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Fear grips pro-Ouattara neighbourhood at night

The UN mission in Ivory Coast has called attention to nightly abductions of supporters of would-be president Alassane Ouattara. FRANCE 24's correspondents in Abidjan test the mood in a pro-Ouattara neighbourhood.


Tension has been building steadily in Ivory Coast since a disputed Nov. 28 presidential run-off led to a stand-off between incumbent Laurent Gbagbo and rival Alassane Ouattara. As world leaders put pressure on Gbagbo to relinquish the presidency, some of his supporters have reportedly applied heavy-handed methods in neighbourhoods that came out in favour of his rival in last month’s poll.

Life seemed to have returned to normal on Monday in one Ouattara stronghold of Abidjan, the country's largest city. Yet shopkeeper Ali (not his real name) only reluctantly ventured out to open his shop. “We can’t just stay at home, and keep the business shut, how are we going to eat? So I open the shop, but I’m dead scared. We just open the shop and we wait,” Ali said.

The shopkeeper said his neighbourhood had been placed under tight surveillance by Gbagbo’s security forces. Ali claimed armed men had been entering his and other pro-Ouattara areas at night to terrorize locals.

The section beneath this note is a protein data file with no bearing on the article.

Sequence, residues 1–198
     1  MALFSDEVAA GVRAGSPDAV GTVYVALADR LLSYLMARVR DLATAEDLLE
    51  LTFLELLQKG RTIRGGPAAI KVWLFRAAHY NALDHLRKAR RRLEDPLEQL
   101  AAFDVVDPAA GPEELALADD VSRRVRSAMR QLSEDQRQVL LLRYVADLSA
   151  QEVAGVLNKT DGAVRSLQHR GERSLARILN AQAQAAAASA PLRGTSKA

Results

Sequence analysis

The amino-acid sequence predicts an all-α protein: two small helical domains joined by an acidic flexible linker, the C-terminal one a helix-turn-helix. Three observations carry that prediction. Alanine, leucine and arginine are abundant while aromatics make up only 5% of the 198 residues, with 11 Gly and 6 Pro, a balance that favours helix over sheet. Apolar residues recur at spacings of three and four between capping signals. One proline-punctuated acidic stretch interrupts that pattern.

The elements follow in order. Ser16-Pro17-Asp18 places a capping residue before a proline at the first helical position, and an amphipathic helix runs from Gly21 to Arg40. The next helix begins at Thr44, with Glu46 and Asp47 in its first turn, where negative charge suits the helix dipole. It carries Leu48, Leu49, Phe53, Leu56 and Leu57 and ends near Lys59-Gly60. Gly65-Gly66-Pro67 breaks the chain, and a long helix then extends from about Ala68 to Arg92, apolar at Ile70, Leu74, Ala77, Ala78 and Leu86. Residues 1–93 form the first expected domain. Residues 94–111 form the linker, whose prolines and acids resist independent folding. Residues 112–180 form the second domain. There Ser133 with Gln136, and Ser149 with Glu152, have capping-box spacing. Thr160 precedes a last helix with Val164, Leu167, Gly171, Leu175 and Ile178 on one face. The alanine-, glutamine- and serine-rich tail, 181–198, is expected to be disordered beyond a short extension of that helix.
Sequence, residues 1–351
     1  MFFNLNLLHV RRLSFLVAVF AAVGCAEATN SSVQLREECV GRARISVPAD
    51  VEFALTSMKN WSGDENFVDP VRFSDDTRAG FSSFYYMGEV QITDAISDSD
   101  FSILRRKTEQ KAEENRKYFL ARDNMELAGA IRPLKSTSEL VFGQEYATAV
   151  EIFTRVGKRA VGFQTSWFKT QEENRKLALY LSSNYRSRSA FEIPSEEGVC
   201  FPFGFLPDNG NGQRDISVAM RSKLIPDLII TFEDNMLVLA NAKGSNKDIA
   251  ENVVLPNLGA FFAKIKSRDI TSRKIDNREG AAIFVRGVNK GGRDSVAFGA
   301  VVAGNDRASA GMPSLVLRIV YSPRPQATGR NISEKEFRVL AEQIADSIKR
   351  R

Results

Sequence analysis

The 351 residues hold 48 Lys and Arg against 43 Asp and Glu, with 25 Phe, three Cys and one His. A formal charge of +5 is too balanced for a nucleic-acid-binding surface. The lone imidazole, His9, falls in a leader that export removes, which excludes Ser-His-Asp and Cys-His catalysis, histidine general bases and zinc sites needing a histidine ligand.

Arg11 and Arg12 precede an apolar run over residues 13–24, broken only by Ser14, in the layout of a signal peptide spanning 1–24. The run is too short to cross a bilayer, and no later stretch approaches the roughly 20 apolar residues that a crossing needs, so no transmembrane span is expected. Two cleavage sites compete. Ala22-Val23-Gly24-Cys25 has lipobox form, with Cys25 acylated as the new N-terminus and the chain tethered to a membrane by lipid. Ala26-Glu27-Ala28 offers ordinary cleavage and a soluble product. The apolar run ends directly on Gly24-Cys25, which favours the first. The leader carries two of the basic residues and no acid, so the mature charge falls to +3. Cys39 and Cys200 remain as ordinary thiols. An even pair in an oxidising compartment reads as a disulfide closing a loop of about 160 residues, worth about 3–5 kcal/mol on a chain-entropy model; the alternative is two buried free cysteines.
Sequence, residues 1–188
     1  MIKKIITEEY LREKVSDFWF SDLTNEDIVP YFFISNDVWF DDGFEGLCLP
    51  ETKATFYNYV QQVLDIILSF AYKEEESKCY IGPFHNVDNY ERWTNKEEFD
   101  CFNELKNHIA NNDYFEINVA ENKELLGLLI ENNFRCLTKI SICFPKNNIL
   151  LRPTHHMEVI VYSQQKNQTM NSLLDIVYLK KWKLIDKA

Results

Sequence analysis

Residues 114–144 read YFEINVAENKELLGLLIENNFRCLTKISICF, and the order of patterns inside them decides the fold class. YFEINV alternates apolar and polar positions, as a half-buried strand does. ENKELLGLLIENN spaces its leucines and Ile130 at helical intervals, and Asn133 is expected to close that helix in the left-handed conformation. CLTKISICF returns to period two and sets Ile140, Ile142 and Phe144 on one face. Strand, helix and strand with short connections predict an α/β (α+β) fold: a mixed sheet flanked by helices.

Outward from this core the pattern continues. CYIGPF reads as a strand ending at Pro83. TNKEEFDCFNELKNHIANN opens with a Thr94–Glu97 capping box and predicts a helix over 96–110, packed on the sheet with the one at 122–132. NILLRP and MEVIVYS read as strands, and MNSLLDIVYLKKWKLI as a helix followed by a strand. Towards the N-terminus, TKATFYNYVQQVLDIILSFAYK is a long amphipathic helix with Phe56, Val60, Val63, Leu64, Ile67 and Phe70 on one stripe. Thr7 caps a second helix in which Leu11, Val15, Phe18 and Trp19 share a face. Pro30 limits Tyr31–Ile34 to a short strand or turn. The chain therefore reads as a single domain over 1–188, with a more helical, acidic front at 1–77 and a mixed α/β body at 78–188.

“The international community needs to back up their words with actions. I’m worried about my two children and my family. This is bad, very bad, they are going to kill us, those people are going to kill us,” a tearful Ali said.

The UN, which has been locked in a tug-of-war with the Gbagbo camp since it endorsed Ouattara as the legitimate winner, says it has received hundreds of reports of people being abducted from their homes at night by armed assailants in military uniforms.

Residents of pro-Ouattara neighbourhoods have organised nightly security rounds and raised barricades with whatever they can find, complaining that UN peacekeeping troops are nowhere to be seen.

“The guys against us have weapons, we don’t! They call us rebels, but they’re the real rebels!” said one man on watch.

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